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Bengt Ohlsson, Gregorius

Albert Bonniers förlag,  2004. ISBN: 9100104442

Reviewed by Neil Smith in SBR 2005:2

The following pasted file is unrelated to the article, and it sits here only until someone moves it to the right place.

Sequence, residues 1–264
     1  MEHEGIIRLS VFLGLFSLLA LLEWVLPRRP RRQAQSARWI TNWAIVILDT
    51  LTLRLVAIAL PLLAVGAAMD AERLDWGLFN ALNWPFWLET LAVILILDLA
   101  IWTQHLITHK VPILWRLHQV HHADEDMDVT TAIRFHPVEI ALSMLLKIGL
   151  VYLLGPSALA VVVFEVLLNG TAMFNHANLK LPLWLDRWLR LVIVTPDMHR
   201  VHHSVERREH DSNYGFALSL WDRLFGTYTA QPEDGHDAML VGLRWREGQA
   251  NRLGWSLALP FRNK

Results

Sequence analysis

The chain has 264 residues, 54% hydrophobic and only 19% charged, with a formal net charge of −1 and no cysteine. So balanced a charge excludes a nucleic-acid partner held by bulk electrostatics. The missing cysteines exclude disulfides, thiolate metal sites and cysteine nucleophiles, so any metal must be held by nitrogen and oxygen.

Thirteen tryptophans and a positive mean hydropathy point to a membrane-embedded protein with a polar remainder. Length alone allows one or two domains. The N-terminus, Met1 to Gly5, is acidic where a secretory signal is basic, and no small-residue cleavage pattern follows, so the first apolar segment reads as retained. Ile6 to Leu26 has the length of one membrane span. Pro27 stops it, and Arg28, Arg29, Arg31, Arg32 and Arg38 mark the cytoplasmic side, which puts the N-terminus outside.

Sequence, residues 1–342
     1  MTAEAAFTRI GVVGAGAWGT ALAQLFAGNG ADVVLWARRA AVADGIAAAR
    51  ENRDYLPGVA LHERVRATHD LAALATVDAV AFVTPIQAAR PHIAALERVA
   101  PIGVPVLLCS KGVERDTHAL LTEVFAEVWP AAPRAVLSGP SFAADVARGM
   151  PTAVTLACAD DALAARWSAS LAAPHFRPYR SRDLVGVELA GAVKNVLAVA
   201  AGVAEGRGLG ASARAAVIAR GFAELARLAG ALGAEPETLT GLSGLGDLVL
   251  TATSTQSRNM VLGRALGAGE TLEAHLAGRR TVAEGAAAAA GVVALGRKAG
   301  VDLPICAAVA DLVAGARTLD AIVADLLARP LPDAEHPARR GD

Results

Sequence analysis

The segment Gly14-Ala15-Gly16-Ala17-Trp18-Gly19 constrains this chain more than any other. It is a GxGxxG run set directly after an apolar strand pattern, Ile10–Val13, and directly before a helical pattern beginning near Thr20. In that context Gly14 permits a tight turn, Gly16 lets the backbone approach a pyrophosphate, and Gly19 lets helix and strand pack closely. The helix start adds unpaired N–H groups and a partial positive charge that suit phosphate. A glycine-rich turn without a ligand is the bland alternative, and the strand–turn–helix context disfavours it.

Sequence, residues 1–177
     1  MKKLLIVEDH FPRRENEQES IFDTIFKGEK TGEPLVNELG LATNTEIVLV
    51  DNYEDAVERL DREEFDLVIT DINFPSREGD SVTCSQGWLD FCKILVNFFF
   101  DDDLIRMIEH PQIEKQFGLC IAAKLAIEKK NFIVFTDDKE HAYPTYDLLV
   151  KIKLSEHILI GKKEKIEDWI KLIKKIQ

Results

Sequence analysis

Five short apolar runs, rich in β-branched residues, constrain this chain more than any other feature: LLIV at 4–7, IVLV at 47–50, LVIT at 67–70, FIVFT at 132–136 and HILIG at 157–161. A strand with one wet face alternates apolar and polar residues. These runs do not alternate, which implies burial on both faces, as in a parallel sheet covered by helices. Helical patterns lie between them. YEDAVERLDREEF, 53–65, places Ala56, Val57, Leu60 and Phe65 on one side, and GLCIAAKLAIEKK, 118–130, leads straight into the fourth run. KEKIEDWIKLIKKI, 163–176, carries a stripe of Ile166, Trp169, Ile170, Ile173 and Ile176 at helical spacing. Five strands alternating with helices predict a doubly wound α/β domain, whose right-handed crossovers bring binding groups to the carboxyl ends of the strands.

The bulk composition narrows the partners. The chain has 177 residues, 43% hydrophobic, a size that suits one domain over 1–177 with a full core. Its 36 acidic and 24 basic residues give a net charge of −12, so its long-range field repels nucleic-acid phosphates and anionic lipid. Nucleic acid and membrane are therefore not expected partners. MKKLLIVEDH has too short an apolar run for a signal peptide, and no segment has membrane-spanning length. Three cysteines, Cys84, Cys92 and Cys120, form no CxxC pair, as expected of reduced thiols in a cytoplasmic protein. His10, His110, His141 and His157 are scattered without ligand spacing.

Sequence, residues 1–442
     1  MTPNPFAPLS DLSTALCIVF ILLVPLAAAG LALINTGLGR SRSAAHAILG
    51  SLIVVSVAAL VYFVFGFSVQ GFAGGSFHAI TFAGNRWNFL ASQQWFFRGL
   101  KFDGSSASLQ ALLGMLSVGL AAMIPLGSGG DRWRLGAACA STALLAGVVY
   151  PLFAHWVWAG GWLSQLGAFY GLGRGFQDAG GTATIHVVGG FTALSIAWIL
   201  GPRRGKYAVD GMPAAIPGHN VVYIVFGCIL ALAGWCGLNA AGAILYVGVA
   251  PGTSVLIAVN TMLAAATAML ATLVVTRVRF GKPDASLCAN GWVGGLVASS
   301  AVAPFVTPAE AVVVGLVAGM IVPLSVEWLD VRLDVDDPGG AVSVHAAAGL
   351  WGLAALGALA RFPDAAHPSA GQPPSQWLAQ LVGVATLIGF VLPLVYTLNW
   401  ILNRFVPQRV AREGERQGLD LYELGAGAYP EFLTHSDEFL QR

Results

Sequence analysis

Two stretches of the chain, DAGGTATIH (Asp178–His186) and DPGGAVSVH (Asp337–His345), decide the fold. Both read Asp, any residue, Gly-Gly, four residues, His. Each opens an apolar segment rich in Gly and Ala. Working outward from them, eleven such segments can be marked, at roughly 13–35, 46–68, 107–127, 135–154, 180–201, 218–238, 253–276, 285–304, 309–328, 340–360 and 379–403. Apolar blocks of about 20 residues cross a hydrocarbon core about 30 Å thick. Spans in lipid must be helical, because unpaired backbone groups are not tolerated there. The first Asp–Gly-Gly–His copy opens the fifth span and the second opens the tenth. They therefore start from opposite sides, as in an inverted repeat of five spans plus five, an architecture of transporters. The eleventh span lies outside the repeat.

It is difficult to know quite what to make of this substantial novel, another in the succession of wristthreatening tomes that has emerged from Sweden in recent years. It won what is arguably Sweden’s most prestigious literary award, the August Prize, last year, and garnered generally favourable reviews upon publication. In many ways it builds upon an ingenious conceit, retelling as it does the events recounted in Hjalmar Söderberg’s classic novel Doktor Glas (published exactly a century ago) from the point of view of that novel’s cuckolded and ultimately doomed priest, Gregorius. The events of the narrative will be familiar to anyone with even a passing acquaintance with Doktor Glas: the physically unappealing Gregorius is married to the beautiful Helga, who is many years his junior – there are hints of something decidedly unsavoury in Gregorius’s reminiscences about his attraction to Helga while she was still a child. Helga seeks solace in an affair – something Ohlsson has Gregorius made aware of – and the family doctor (Glas) attempts to protect her from Gregorius’s attentions by fabricating ailments for him that necessitate sexual abstinence, then a rest cure in a spa resort, before Glas ultimately takes more drastic meaures. Like Doktor Glas, Gregorius is a first-person narrative, but in place of the spare, considered prose that both reflects and conceals so much about Söderberg’s protagonist, Ohlsson’s priest is verbose, given to lengthy self-justification and minute examination of his life, society, marriage and faith. Gregorius is not without its charms, though: perhaps tellingly, the narrative is at its most appealing when it breaks free of the constraints of Doktor Glas and follows Gregorius into uncharted territory on his rest cure to the spa resort of Porla – an absence from Stockholm that is necessarily omitted from Söderberg’s metropolitan novel. And the depictions of Stockholm and Porla alike are rich in period detail – albeit perhaps a little too rich at times: while Gregorius’s is certainly a life mired in the minutiae of human frailty and society’s shortcomings, perhaps the reader could be trusted to imagine some of these details. The amount of research which underpins this is clearly extensive and admirable, but it could perhaps have been more sparingly exhibited. Latterday “riffs” on classic novels are apt to make prospective readers a little apprehensive: how many of the various novels inspired by Jane Austen and the ranks of the Victorian classics can be judged to have been even moderately successful on their own terms? Gregorius is more successful than most: it is intelligently written, evidently exhaust-ively researched, and neatly plays off Doktor Glas. But this reviewer cannot help but wonder “Why?”, and looks forward to enjoying Ohlsson’s future work as much as he has his previous novels.

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